The concept of payday loan was quite popular in developed countries wherein the lender provided loans which were given in advance of the next pay cheque to blue collar workers who lead their life from pay cheque to pay cheque.
Sometime ago, payday loans were availed by blue collar employees who receive their wages on a weekly basis. Recently, many start-ups have entered this business targeting the young, highly mobile and aspiring population. Let us discuss the merits and limitations of availing such a loan.
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Understanding payday loan
The concept of payday loan was quite popular in developed countries wherein the lender provided loans which were given in advance of the next pay cheque to blue collar workers who lead their life from pay cheque to pay cheque. Interest charged on these loans were generally on the higher side as they are unsecured.
The same concept is packaged in a new form and sold to a different set of customers now. In India, many start-ups today offer payday loans to the young, aspiring population.
According to some market research agencies, the payday loan market in India is estimated at R70,000 crore which is expected to growth at the rate of 14% per year. Around 100 start-ups have already forayed into this market in the last 18 months. Banks never lend money for 7-15 days and it is not cost-effective for them to offer small value loans of R10,000-30,000. The option of credit cards comes with higher interest rate especially if one withdraw cash from the card.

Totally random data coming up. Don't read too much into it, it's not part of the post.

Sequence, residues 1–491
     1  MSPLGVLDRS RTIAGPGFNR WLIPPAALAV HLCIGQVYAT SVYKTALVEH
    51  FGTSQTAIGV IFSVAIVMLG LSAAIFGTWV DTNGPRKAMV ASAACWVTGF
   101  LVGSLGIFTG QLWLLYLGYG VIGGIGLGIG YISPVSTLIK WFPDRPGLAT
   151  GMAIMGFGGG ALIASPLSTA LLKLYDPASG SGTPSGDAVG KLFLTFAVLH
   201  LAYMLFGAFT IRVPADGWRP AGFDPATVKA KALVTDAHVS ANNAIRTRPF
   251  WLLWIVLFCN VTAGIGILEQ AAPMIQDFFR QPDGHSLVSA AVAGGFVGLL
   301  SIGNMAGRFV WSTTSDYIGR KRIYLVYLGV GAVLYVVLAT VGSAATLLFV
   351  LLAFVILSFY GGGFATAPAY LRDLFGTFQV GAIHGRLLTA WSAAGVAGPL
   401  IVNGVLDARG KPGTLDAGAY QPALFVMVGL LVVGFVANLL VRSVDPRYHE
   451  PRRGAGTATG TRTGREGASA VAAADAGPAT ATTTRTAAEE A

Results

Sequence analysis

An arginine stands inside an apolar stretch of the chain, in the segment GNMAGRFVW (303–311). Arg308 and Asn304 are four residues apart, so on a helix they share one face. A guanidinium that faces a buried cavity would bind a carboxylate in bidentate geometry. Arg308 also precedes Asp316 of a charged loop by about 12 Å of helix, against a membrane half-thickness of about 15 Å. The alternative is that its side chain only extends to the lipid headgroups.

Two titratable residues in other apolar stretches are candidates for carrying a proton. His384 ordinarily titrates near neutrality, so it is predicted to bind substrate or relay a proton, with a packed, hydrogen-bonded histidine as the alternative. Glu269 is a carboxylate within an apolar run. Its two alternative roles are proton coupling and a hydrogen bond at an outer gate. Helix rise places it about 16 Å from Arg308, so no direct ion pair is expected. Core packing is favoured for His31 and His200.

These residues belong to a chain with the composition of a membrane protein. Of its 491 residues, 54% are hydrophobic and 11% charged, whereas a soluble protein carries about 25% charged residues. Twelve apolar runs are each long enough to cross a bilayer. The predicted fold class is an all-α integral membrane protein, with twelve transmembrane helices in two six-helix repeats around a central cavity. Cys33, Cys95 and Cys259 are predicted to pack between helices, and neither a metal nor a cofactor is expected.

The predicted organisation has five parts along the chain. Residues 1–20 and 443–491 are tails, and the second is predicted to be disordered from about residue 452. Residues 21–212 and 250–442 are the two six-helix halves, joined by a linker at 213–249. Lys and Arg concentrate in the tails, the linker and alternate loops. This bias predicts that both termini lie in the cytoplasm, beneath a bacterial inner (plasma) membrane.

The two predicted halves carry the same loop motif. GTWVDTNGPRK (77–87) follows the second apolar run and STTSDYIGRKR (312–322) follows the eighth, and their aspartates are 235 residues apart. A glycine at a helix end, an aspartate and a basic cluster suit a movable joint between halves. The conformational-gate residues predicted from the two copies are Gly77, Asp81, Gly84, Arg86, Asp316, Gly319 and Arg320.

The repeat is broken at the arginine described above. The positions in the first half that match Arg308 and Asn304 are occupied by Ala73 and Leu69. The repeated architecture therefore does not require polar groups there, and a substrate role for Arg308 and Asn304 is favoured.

How it works?
The targeted customers are generally youngsters who are looking for funds to buy the latest mobile phone or fund a short holiday, education fees or some unforeseen expenses towards the end of the month. The typical loan size is R10,000-30,000. Loans have to be applied online and are approved and sanctioned in five to ten days.
Start-ups use technology to assess loan eligibility, amount, interest rate, etc. They even check your social media profile, comments, status, timeline, number of followers, etc., to cross check the data provided in your online application. The typical interest rate is one percent per day. The primary security is the next month’s salary and the loan needs to be paid back out of the next pay cheque.
Is it a possible trap?
A major concern in this model is the flat rate of interest which might possibly impact the borrower if he is not careful. Majority of the payday loan providers don’t have a non-banking licence but have tie-ups with other non-banking finance companies for loan disbursal. As of now, there are not too many legal regulations for lending through electronic platforms. To conclude, disruptive technological innovations should not lead to irrational enthusiasm in lending.
The writer is associate professor of finance & accounting, IIM Shillong